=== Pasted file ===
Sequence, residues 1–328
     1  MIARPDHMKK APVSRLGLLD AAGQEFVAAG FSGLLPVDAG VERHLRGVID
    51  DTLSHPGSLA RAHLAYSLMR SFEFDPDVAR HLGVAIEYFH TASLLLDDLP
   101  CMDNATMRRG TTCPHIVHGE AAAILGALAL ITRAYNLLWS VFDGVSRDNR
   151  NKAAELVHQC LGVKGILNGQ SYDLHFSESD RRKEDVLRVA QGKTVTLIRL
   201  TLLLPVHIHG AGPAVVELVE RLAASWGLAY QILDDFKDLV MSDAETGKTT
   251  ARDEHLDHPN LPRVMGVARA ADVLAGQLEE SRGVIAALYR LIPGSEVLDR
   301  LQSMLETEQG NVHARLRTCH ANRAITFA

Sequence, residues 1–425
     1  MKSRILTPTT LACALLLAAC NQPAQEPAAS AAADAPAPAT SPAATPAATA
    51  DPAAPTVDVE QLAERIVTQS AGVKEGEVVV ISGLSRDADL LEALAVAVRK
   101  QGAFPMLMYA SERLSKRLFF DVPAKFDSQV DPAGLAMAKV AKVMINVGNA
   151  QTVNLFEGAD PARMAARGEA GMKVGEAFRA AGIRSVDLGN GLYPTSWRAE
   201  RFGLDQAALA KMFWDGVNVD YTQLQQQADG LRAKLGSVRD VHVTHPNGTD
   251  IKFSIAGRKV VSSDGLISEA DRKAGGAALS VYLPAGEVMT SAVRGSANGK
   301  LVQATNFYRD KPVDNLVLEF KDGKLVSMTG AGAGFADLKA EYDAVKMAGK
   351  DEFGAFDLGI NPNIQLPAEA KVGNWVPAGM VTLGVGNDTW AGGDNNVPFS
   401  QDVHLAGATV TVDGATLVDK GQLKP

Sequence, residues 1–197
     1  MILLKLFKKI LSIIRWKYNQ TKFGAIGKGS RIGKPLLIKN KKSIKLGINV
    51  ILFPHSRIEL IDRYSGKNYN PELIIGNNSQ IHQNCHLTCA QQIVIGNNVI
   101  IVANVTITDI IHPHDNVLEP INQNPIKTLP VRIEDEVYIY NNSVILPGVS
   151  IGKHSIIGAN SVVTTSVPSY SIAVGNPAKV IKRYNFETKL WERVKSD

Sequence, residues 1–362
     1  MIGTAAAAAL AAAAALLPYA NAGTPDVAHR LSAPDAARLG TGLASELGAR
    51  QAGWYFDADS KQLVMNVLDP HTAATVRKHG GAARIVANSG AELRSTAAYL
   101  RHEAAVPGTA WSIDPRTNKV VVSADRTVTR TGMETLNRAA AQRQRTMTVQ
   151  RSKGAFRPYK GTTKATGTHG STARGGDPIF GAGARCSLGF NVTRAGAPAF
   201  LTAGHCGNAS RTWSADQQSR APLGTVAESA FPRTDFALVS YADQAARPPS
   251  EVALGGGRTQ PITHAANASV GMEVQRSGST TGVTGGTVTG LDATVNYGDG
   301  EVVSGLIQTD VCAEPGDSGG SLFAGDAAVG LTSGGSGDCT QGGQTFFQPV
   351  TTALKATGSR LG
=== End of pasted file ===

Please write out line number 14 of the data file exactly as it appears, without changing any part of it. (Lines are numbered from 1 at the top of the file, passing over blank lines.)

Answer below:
   201  RFGLDQAALA KMFWDGVNVD YTQLQQQADG LRAKLGSVRD VHVTHPNGTD